Glass of the Caesars
British Museum 1987-11-18 through 1988-03-06
Romisch-Germanisches Museum 1988-04-15 through 1988-10-18
Musei Capitolini 1988-11-03 through 1989-01-31
Corning Museum of Glass
Glass from the Ancient World
Corning Museum of Glass 1957-06-04 through 1957-09-15
An Exhibition of Augustan Art
Metropolitan Museum of Art 1939
Ennion and His Legacy: Mold-Blown Glass from Ancient Rome (Antiques and The Arts Weekly) (2015-07-10) illustrated, p. 9C (bottom row); BIB# AI100463
Mould-Blown Glass from Ancient Rome (2015-07) illustrated, p. 11 (top); BIB# AI100202
Ennion and His Legacy: Mold-Blown Glass from Ancient Rome (The Gather) (2015) illustrated, p. 5;
Mold-Blown Glass: Roman and American (2015) illustrated, p. 7 (right); BIB# AI100138
Corning Museum of Glass Calendar (2015) illustrated, p. 1 (middle); BIB# AI98718
Ennion, Master of Roman Glass: Further Thoughts (2015) illustrated, p. 106; BIB# AI100798
Through the Looking Glass: A Set of Table Goblets at Palazzo Falson, Mdina (2015) illustrated, p. 48 (right); BIB# AI101298
Ennion: Master of Roman Glass (2014) illustrated, p. 53, 76-77 (cat. no. 4); BIB# 142184
Escort Guide to the Galleries (2013) illustrated, p. 12; BIB# 134015
Escort Guide to the Galleries [V4/2013] (2013) illustrated, p. 12; BIB# 134856
Glass: A Short History (Smithsonian Books edition) (2012) illustrated, p. 32; BIB# 130360
Glass: A Short History (The British Museum edition) (2012) illustrated, p. 32; BIB# 135965
The illustrated encyclopedia of glass (2011) illustrated, p. 223; BIB# 128671
The Corning Museum of Glass (2009-01) illustrated, p. 234, Fig. 4;
Corning Museum of Glass (2009-01) illustrated, p. 4; BIB# 109342
The Gather (2008) illustrated, back cover;
Frabel: Excellence in Glass Art (2007) illustrated, p. 55; BIB# 100291
Antikes Glas (Handbuch der Archaologie) (2004) illustrated, p. 241 (Taf. 210); BIB# 83444
The Decanter: An Illustrated History of Glass from 1650 (2004) illustrated, p. 281, pl. 395; BIB# 67221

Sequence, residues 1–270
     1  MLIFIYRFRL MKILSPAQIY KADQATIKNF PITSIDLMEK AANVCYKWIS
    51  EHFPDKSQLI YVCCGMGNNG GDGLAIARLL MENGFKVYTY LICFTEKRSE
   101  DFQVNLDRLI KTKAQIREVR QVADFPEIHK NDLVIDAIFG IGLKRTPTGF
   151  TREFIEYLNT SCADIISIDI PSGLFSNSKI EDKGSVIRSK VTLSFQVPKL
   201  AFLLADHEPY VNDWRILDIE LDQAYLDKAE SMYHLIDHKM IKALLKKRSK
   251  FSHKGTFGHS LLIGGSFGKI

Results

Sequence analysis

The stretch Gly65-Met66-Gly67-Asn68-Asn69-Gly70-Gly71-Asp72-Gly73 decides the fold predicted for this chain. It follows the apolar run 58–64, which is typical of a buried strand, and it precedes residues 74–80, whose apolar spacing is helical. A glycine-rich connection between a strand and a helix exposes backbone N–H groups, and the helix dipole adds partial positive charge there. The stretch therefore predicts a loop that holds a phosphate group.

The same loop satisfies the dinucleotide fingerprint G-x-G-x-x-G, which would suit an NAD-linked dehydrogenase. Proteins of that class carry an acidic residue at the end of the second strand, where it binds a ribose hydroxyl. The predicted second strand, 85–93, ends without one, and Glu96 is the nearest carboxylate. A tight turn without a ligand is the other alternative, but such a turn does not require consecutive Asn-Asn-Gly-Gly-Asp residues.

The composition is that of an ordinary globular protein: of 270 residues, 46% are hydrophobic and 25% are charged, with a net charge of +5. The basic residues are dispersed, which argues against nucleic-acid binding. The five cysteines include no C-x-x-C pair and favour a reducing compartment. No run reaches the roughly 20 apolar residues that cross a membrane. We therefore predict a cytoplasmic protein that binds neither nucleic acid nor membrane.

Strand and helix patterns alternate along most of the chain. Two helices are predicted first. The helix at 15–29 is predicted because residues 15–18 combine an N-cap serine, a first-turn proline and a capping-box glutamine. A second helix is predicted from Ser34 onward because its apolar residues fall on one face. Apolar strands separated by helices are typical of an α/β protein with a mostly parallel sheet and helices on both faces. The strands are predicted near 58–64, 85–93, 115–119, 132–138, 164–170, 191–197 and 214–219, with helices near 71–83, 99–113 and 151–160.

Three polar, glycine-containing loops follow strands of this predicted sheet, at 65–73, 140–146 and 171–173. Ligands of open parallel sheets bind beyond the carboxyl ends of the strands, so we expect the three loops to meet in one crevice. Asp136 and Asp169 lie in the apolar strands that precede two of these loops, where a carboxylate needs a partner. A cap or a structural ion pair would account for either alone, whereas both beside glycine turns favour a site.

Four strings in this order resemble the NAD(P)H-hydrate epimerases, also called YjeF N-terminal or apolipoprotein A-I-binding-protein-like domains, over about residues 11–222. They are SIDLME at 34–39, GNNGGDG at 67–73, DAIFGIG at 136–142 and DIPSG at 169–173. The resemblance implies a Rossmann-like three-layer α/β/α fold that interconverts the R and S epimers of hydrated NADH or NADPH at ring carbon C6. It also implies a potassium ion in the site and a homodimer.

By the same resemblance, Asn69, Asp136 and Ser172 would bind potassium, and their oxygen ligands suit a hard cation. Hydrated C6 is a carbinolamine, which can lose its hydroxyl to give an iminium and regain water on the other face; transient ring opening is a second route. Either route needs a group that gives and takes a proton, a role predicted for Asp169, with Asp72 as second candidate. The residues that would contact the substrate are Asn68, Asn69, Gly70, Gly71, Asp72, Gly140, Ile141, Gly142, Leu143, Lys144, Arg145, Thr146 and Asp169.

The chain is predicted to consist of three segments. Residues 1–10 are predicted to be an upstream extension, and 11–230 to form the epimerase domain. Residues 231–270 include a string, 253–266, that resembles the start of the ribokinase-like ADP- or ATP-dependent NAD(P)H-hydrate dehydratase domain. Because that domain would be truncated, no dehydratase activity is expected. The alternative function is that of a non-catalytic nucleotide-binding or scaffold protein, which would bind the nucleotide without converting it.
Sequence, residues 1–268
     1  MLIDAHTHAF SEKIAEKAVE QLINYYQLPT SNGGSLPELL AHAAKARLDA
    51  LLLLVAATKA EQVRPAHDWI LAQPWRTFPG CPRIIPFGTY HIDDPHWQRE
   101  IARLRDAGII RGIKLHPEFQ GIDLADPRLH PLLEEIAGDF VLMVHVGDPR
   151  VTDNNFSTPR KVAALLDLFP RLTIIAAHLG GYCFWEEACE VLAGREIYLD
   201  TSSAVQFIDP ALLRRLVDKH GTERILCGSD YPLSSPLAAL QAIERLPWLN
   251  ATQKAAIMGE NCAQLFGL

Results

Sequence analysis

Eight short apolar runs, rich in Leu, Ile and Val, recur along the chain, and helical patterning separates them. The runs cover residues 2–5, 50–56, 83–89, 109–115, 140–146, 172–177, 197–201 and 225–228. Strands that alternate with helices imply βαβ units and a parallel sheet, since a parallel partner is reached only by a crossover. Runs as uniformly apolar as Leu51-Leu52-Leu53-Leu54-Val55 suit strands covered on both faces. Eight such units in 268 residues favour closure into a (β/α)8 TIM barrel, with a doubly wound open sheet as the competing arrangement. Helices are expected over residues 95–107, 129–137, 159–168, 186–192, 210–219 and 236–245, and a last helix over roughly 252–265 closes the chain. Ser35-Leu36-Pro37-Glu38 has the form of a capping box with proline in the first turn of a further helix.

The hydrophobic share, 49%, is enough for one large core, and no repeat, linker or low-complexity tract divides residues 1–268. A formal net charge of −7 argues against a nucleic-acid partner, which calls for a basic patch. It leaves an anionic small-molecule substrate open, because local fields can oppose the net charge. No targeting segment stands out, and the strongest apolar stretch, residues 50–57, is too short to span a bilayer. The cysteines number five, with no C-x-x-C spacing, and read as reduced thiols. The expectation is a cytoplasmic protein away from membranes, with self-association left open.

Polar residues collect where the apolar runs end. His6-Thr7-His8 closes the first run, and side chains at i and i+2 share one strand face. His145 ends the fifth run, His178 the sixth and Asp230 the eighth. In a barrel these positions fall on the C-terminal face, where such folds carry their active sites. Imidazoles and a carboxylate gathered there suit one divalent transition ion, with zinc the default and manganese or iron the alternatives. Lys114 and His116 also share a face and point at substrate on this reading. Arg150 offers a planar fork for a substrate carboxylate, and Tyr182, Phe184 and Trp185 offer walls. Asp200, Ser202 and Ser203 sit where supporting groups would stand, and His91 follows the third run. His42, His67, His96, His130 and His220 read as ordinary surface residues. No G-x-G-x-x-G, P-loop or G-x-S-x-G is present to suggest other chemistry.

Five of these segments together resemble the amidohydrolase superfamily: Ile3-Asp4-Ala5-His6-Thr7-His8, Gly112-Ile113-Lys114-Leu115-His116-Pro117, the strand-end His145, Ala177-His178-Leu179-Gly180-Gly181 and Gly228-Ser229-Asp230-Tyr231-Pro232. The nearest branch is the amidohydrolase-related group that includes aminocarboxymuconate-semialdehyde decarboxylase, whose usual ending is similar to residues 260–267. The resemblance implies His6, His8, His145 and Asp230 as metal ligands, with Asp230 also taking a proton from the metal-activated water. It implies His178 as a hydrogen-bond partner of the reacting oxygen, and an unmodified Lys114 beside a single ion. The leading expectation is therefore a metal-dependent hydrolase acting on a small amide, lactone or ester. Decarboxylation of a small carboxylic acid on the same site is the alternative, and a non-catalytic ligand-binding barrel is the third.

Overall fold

New Glass Review, 24 (2003) illustrated, p. 40;
Glass: making use of the secrets of matter (2003) illustrated, p. 33; BIB# 76451
Roman Glass in The Corning Museum of Glass, Volume Two (2001) illustrated, pp. 19-20, pl. 483; BIB# 58895
The Encyclopedia of Glass (2001) illustrated, p.183; BIB# 69319
Beauty of Glass (2000) illustrated, p. 58; BIB# 77736
Roman Glass: Reflections on Everyday Life (1997) illustrated, p. 12 (plate 9); BIB# 41305
Enciclopedia Dell'Arte Antica, classica e orientale (1997) illustrated, p. 1024, fig. 1300, right;
La Fenice di Sabbia: Storia e Tecnologia del vetro Antico (1995) illustrated, p. 27, fig. 41; p. 28; p. 40, pl. 41; BIB# 39935
Das Glas in der Antike (1992) p. 150;
Seasons Greetings from Sherry-Lehmann (1990/11) illustrated, p. 53; BIB# 90994
L'Histoire du Verre: A Travers Les Tresors du Musee de Corning (1990) illustrated, p. 58;
Masterpieces of Glass: A World History From The Corning Museum of Glass (1990) illustrated, pp. 42-43, pl. 13; BIB# 33819
A Short History of Glass (1990 edition) (1990) illustrated, pp. 22-23, #13; p. 27; BIB# 33211
Glass Of The Roman Empire (1988) illustrated, pp. 34-35, fig. 13; pp. 7, 9; BIB# 32608
Title Unknown (New England Antiques Journal) (1987-03) illustrated, p. 10;
Roman Glass in The Corning Museum of Glass (postcards) (1987) illustrated, #14; BIB# 34348
Glass of the Caesars (1987) illustrated, p. 166, #87; BIB# 31831
Book of Glass (1986) p. 40;
Roman Glass in Italy: The Origin of An Industry (1984) illustrated, p. 50;
Garasu Nyumon (Introduction to Glass) (1983) illustrated, p. 96; BIB# 32417
A Short History of Glass (1980 edition) (1980) illustrated, p. 23, #13; BIB# 21161
Glass from the Ancient World: The Ray Winfield Smith Collection (1957) illustrated, pp. 56-57, #67; BIB# 27315
A History of Technology (1956) p. 322, fig. 300, drawing; BIB# 20319
The Social & Economic History of the Hellenistic World (1953) p. 1022, pl. XIC (#1); BIB# 18810
The Social & Economic History of the Hellenistic World (1941) p. 1022, pl. XIC, #1; BIB# 18815
Houston Chronicle (1939-09-07)
Romano-Syrian Glasses with Mould-Blown Inscriptions (1935) p. 168;